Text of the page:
In the fall of 1990, Knowles enrolled in Parker Elementary School, a music magnet school in Houston, where she would perform onstage with the school's choir.She also attended the High School for the Performing and Visual Arts in Houston and later went to Alief Elsik High School, located in the Houston neighborhood of Alief. Knowles was a soloist in the choir of her church, in St. John's United Methodist Church.She only lasted in the choir for two years, however, because she was preoccupied with her newfound career.
At the age of eight, Knowles met LaTavia Roberson while in an audition for a girl group.They, along with Knowles' friend Kelly Rowland, were placed into a group that performed rapping and dancing. Originally named Girl's Tyme, they were eventually cut down to six members.With Knowles and Rowland, Girl's Tyme attracted audience nationally. West coast R&B producer, Arne Frager, flew into Houston to see them. He eventually brought them to his studio - The Plant Recording Studios - in Northern California, with Knowles' vocals being featured because Frager thought she had personality and the ability to sing. As part of efforts to sign Girl's Tyme to a major label record deal, Frager's strategy was to debut them in Star Search, the biggest talent show on national TV that time. Girl's Tyme participated in the competition but lost it because the song they performed was not good, Knowles herself admitted. Knowles had her first "professional setback" after that defeat, but regained confidence after learning that pop stars Britney Spears and Justin Timberlake had also the same experience.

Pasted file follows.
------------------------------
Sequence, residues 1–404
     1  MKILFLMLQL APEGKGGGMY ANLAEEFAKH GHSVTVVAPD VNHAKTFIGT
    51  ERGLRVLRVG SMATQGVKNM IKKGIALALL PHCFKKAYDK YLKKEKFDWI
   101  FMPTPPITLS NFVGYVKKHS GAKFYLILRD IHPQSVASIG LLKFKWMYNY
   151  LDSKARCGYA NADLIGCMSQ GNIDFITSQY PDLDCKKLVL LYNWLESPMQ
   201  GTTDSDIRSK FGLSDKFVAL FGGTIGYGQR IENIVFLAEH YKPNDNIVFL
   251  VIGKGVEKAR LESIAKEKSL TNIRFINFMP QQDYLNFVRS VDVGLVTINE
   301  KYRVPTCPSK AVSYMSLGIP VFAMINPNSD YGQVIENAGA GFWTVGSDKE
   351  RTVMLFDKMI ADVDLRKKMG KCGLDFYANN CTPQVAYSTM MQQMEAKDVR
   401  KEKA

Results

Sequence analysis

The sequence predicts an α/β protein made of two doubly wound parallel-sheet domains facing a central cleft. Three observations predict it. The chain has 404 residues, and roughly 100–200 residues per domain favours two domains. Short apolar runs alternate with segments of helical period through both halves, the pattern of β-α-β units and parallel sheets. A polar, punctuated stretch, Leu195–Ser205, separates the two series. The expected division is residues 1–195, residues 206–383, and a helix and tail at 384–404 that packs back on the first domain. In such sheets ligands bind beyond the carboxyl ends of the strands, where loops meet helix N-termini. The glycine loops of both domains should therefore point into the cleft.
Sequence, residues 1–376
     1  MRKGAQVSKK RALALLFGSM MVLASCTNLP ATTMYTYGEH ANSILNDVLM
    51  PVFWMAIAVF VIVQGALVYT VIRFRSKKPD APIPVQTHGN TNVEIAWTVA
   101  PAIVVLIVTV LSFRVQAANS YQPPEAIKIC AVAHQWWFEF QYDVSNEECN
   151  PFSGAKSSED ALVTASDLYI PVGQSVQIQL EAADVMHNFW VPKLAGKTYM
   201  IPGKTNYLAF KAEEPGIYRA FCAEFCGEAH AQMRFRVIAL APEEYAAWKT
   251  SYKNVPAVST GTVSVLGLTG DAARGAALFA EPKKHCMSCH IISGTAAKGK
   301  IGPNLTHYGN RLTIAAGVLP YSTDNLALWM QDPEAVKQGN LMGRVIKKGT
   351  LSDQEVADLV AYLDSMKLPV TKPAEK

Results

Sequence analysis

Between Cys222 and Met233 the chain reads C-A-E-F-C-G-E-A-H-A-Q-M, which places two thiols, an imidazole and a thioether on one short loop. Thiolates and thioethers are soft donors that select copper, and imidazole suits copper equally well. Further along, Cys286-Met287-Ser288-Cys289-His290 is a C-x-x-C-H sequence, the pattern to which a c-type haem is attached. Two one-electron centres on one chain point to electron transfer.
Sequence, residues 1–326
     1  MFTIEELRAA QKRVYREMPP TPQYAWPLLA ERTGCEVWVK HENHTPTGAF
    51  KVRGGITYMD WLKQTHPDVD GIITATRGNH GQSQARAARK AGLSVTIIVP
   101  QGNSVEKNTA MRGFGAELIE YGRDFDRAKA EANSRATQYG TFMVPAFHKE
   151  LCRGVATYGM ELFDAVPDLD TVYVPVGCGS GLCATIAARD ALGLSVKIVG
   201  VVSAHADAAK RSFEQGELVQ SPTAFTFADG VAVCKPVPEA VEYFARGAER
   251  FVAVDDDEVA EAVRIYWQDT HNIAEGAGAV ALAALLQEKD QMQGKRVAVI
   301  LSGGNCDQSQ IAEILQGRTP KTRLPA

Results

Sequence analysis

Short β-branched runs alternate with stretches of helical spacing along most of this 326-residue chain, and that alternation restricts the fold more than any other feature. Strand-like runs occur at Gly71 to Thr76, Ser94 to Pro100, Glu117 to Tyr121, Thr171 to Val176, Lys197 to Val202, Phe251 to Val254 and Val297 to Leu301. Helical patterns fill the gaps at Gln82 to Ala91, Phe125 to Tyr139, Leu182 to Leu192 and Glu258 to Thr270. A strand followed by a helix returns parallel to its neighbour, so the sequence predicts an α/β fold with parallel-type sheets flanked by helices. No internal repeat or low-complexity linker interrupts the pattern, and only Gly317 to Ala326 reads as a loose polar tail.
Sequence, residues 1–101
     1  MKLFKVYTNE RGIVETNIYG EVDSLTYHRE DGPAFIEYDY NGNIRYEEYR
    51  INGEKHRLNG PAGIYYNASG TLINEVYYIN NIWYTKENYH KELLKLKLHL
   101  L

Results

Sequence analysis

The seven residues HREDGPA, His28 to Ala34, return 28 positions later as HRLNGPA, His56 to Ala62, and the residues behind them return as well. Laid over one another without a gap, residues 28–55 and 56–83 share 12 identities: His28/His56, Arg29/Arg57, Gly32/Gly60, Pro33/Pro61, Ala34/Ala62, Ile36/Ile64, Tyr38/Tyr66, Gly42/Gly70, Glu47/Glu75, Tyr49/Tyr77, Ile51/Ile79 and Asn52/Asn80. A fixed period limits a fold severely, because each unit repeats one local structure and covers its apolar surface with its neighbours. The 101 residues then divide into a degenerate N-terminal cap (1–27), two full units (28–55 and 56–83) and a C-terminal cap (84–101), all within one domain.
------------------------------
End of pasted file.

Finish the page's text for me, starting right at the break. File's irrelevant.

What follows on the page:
To manage the group, Knowles' father (who was at that time a medical-equipment salesman) resigned in 1995 from his job. He dedicated his time and established a "boot camp" for their training. The move reduced Knowles' family's income by half and her parents separated because of the pressure. Not long after the inclusion of Rowland, Mathew cut the original lineup to four, with LeToya Luckett joining in 1993. Rehearsing in Tina's Headliners Salon and their backyards, the group continued performing as an opening act for other established R&B girl groups of the time; Tina contributed to the cause by designing their costumes, which she continued to do throughout the Destiny's Child era. With the continued support of Mathew, they auditioned before record labels and were finally signed to Elektra Records, only to be dropped months later before they could release an album.


Recording and film career

Destiny's Child's era

Main article: Destiny's ChildTaking inspiration from a passage in the Book of Isaiah, the group changed its name to Destiny's Child in 1993. Together, they performed in local events and, after four years on the road, the group was signed to Columbia Records in late 1997. That same year, Destiny's Child recorded its major label debut song, "Killing Time", for the soundtrack to the 1997 film, Men in Black.